What the business’s team forgot is that a crucial part of their development is investing in advertising and SEO optimization, which requires a significant amount of budget that they now lack. Conducting the TCO, they didn’t include marketing in the list of operational costs, which was crucial for their specific business.[/su_quote]
It is important to thoroughly work on identifying the specific costs, especially operational and retirement ones, which suit your business model. You may even have to rethink your whole organizational structure and strategy.
Calculating the Total Cost of Ownership (TCO) for software is a vital practice that empowers businesses to make informed decisions and optimize their software investments. It can be challenging with hardly determined costs, missing cost components, and a lack of benefits analysis. To fully benefit from software total cost of ownership calculation, it is essential to mind the timing factor of your calculations, use the OpEx approach, and pay attention to the business model specifics.
If you want to step up the game with high-quality software and consider cooperating with external providers, Maven Solutions can be the partner you need. After 13+ years of experience in different niches (e.g., Travel, Fashion, Goods for children, Food, Logistics, and Branded products) and sizes (e.g., from startups to Fortune 500 and the Inc.5000), we are ready to share our expertise. Contact us to find out more.
How Do You Calculate the Total Cost of Software Ownership?
To calculate the Total Cost of Ownership (TCO), you need to add all the cost components associated with acquiring, operating, and retiring the software.
What Are the Components of Total Cost of Ownership for Technology Assets?
The Total Cost of Ownership (TCO) consists of various cost components. A common division for technology is Acquisition, Operating, and Retirement costs.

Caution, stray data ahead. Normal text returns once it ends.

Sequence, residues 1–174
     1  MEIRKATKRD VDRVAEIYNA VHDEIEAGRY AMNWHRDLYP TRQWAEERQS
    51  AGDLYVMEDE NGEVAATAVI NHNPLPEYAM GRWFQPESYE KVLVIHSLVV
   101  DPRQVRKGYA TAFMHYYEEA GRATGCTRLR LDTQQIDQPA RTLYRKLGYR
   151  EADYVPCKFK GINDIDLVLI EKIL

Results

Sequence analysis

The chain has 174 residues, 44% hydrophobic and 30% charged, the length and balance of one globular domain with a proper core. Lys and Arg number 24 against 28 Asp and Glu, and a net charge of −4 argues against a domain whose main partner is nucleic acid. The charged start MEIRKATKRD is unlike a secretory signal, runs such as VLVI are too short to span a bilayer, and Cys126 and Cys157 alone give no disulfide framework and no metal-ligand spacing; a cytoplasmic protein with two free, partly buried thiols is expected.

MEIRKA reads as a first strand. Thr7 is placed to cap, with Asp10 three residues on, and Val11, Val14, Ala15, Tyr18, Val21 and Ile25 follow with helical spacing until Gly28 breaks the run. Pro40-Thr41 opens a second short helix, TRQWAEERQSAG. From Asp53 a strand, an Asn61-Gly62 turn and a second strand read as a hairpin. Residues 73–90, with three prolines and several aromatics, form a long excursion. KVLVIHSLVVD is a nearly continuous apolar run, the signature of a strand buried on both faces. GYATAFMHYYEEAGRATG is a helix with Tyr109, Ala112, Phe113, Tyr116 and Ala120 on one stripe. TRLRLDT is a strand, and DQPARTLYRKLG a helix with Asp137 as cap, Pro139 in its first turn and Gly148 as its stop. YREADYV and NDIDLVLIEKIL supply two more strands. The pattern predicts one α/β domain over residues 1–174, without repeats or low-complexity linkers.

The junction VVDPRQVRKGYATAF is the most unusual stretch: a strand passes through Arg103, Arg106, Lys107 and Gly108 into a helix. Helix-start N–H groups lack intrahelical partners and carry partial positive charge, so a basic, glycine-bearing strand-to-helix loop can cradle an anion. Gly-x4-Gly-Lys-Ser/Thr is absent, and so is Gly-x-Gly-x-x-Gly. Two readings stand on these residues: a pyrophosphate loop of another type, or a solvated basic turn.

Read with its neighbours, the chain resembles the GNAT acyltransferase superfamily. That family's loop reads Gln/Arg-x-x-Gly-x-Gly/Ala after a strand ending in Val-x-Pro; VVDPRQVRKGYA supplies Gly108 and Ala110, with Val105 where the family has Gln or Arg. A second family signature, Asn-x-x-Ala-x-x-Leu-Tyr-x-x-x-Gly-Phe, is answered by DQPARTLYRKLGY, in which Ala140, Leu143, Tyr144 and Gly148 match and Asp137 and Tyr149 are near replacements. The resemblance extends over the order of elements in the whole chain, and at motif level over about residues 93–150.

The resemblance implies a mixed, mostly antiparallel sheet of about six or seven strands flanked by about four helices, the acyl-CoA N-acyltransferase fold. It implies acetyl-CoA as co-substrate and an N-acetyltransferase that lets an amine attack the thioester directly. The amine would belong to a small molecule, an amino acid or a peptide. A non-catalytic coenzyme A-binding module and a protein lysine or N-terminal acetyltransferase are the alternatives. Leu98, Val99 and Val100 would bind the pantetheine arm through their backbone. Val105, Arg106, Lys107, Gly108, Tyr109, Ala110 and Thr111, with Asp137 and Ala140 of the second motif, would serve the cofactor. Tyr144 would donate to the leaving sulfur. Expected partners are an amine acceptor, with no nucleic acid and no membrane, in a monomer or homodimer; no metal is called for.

Who can be in Charge of Calculating the TCO of Company’s Software Ownership?
Calculating the Total Cost of Ownership (TCO) for software can involve various stakeholders within a company, depending on the organization’s structure and responsibilities. Usually, the executives and higher management are responsible for TCO development.
What are the Key Examples of Ownership for Software that Show When You Need Changes?
There are several key examples or indicators that may indicate the need for changes. These can vary depending on the specific context and objectives of the software. Some common situations where ownership changes may be necessary are lack of vendor support, changing business requirements, incompatibility with the technology stack, security vulnerabilities, and poor user satisfaction.
How to Reduce the Total Cost of Ownership for Software?
Some of the ways to reduce the Total Cost of Ownership for software are negotiating favorable licensing and maintenance agreements, optimizing infrastructure and resource utilization, establishing proactive maintenance practices to identify and address issues before they escalate, utilizing automation tools to reduce manual efforts, and regularly reviewing and optimizing license usage.
Why Is the Total Cost of Ownership Important?
TCO helps organizations forecast and plan their budgets more accurately, making informed decisions with insights into the long-term implications of asset ownership. This is especially important when software has been paid for, has been amortized, but the ongoing maintenance costs are on the rise, or the outdated software can no longer support necessary business processes effectively.